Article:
Category Archives: Leadership

Changing Food and Climate: An Engagement Journey Begins

Changing Food and Climate: An Engagement Journey Begins

One of the biggest challenges with developing Greenpeace’s Less Is More campaign to reduce industrial meat & dairy worldwide was deciding how we could campaign to change people’s mindsets on how eating cheap meat and dairy they eat while also campaigning in a more traditional way to compel governments to take meaningful action to stop subsidizing the worst practices.

This need to balance positive solutions campaigning with our more tried-and-true techniques would have to be evident in our digital approach as well. I was tasked to being the project lead on the Less Is More website to come up with some solutions for Greenpeace offices all over the world to encourage people to make small steps to change food for the sake of our planet, especially in mitigating climate change.

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Adventures in Virginia’s Renewable Energy Fights

Adventures in Virginia’s Renewable Energy Fights

In summer and autumn 2017, there was a palpable sense of grassroots, progressive energy across the state of Virginia. After all, it was the first major state election cycle since the advent of the Trump administration. I had spent a lot of volunteer time in 2017 working on Fairfax County renewable energy issues at the county supervisor and school board level for much of the year and also speaking as a Climate Reality Leader.

Whenever I had the chance, I reminded people how critical it was to vote in the state election as most climate progress could only be achieved at the state level with Trump in the White House. In fact, fellow environmental activists managed to rally more than 100 people confront then gubernatorial candidate Ralph Northam during one community event on his wishy-washy stance on the Atlantic Coast and WB Xpress pipelines. Citizens stressed that the projects would increase our carbon footprint and create more price increases for taxpayers. We let several Democrats know this cycle that business as usual and doing the bidding of Dominion Energy was no longer acceptable. Continue reading

Taking Your House Solar: Five Things You Should Know

Taking Your House Solar: Five Things You Should Know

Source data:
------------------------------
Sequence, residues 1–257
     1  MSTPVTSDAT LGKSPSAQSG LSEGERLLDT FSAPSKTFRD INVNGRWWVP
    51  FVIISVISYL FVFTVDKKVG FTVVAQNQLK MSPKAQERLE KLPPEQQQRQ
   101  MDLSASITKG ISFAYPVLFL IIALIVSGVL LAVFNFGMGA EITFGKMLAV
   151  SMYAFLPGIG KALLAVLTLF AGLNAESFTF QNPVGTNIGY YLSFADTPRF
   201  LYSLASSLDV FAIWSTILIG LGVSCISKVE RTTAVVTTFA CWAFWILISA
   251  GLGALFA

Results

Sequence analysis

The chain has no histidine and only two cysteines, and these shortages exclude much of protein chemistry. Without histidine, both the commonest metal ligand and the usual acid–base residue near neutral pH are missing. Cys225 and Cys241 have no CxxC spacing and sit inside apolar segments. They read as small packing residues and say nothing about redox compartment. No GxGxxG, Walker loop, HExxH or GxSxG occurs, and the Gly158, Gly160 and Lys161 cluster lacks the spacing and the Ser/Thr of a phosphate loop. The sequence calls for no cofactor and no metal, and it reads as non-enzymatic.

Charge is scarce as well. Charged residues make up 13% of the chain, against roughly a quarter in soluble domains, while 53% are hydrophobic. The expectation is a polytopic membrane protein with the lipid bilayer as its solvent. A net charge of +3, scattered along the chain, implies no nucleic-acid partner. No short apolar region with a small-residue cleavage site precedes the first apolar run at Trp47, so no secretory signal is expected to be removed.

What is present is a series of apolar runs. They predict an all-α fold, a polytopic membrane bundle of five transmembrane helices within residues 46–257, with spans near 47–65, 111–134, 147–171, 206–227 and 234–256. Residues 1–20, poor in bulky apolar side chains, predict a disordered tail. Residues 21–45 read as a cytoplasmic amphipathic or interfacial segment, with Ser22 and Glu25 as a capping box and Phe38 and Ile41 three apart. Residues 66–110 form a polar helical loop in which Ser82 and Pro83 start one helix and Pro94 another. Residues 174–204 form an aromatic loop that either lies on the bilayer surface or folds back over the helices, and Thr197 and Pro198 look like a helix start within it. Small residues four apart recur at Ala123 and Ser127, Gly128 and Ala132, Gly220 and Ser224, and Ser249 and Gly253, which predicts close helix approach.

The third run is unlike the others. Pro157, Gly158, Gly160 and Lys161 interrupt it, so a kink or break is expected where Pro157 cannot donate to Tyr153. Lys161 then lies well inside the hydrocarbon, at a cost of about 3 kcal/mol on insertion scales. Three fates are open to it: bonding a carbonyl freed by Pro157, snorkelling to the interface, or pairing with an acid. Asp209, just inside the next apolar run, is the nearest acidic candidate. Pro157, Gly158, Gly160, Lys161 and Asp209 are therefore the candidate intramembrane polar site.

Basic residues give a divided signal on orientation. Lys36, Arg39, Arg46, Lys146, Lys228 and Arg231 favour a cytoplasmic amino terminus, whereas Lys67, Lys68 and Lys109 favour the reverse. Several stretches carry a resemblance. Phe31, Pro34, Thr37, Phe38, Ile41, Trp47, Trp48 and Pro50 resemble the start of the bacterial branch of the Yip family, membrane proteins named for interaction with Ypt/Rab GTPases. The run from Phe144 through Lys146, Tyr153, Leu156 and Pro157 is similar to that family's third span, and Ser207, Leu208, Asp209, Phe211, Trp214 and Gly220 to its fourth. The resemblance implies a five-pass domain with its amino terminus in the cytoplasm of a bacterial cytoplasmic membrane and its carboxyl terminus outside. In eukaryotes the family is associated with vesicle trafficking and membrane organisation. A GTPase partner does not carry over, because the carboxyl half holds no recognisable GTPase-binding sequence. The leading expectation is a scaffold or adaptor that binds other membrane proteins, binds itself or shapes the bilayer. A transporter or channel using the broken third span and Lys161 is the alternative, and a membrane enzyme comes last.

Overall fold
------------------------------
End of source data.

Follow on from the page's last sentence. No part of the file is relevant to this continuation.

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It’s not easy being a solar guinea pig. But in the Commonwealth of Virginia, that’s what many of us have become. I’m talking about the thousands of others like me rolling the dice to solarize their home and see if it pays off despite an unfriendly atmosphere. At times, it can feel a little bit like you’re on your hamster wheel going around in circles. Solar energy in Virginia is still in its primordial phase.

The state ranks an abysmal 38th out of 50 states, according to Solar Power Rocks.  Virginia boasts anemic state tax credits, rock bottom renewable energy credits, weak RPS laws (which encourage diversification to more renewables) and lots of other impediments. We’re talking about a meager 241 megawatts compared to 1,591 megawatts in Massachusetts.  Much of this is due to the dominance of one power company, Dominion Energy (feel free to swing by their Facebook page to give them a piece of your mind after this post). They dictate not only what kind of power most customers get but also dictate terms to legislators in the capital of Richmond.

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Al Gore’s Climate Reality Project: Getting Inspired to Lead On Climate

Al Gore’s Climate Reality Project: Getting Inspired to Lead On Climate

Greetings from Denver! I’m still processing the incredibly inspiring three days I spent at the Colorado Convention Center with roughly 1,000 other people who were lucky enough to be selected as part of Al Gore’s Climate Reality Leadership Corps. As if I didn’t have enough to do working on fighting climate change at Greenpeace!

Seriously, the reason I began investigating the work of the Climate Reality Project is because my current Greenpeace portfolio keeps me focused squarely on food and sustainability issues internationally, especially our addiction to heavy-meat diets. Since Greenpeace doesn’t currently have an active food campaign in the United States, I find that I spend most of my time thinking about cows and chickens overseas.

Yet as an American citizen living in the age of a Trump presidency,  I felt compelled to devote some of my time in environmental battles certain to take place inside the United States in the next four years. I’m tremendously concerned about Trump’s threat to pull out of the historic Paris Climate Accords, his appointments of climate denier Scott Pruitt to the EPA (who thinks CO2 doesn’t contribute to global warming), former Texas Governor Rick Perry to the Department of Energy (who couldn’t even remember the department he now runs) and ex-Exxon CEO Rex Tillerson (a company that lied about climate impacts to the public) to the State Department. I just couldn’t sit on the sidelines. Since all politics are local, why not focus on civic engagement, local politics, renewable energy and climate change at the local level – in my case, the northern Virginia suburbs of Washington, D.C.?

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